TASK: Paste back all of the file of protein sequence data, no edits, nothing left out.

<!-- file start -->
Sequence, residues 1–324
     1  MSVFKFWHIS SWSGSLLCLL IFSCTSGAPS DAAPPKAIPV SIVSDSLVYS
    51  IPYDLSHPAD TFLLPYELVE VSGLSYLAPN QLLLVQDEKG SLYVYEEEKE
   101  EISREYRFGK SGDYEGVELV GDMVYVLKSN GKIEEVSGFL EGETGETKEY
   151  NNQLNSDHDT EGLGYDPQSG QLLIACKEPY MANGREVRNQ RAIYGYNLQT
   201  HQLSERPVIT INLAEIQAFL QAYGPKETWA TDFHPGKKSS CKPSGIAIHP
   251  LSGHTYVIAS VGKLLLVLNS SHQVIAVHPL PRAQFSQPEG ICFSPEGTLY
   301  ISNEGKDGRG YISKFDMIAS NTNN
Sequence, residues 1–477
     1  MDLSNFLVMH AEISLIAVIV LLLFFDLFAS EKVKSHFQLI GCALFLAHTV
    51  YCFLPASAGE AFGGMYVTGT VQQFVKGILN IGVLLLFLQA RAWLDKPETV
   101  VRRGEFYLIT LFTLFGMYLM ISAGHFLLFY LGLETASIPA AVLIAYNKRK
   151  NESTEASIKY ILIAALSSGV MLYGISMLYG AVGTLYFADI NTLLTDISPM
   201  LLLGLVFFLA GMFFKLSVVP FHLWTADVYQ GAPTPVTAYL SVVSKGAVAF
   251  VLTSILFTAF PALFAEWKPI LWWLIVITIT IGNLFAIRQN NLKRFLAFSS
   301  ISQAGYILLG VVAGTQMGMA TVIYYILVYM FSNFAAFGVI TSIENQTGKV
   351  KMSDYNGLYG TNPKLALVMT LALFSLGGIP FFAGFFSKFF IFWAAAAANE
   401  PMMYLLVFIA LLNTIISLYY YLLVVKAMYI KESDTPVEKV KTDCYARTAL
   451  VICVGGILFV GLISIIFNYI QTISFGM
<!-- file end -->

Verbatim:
Sequence, residues 1–324
     1  MSVFKFWHIS SWSGSLLCLL IFSCTSGAPS DAAPPKAIPV SIVSDSLVYS
    51  IPYDLSHPAD TFLLPYELVE VSGLSYLAPN QLLLVQDEKG SLYVYEEEKE
   101  EISREYRFGK SGDYEGVELV GDMVYVLKSN GKIEEVSGFL EGETGETKEY
   151  NNQLNSDHDT EGLGYDPQSG QLLIACKEPY MANGREVRNQ RAIYGYNLQT
   201  HQLSERPVIT INLAEIQAFL QAYGPKETWA TDFHPGKKSS CKPSGIAIHP
   251  LSGHTYVIAS VGKLLLVLNS SHQVIAVHPL PRAQFSQPEG ICFSPEGTLY
   301  ISNEGKDGRG YISKFDMIAS NTNN
Sequence, residues 1–477
     1  MDLSNFLVMH AEISLIAVIV LLLFFDLFAS EKVKSHFQLI GCALFLAHTV
    51  YCFLPASAGE AFGGMYVTGT VQQFVKGILN IGVLLLFLQA RAWLDKPETV
   101  VRRGEFYLIT LFTLFGMYLM ISAGHFLLFY LGLETASIPA AVLIAYNKRK
   151  NESTEASIKY ILIAALSSGV MLYGISMLYG AVGTLYFADI NTLLTDISPM
   201  LLLGLVFFLA GMFFKLSVVP FHLWTADVYQ GAPTPVTAYL SVVSKGAVAF
   251  VLTSILFTAF PALFAEWKPI LWWLIVITIT IGNLFAIRQN NLKRFLAFSS
   301  ISQAGYILLG VVAGTQMGMA TVIYYILVYM FSNFAAFGVI TSIENQTGKV
   351  KMSDYNGLYG TNPKLALVMT LALFSLGGIP FFAGFFSKFF IFWAAAAANE
   401  PMMYLLVFIA LLNTIISLYY YLLVVKAMYI KESDTPVEKV KTDCYARTAL
   451  VICVGGILFV GLISIIFNYI QTISFGM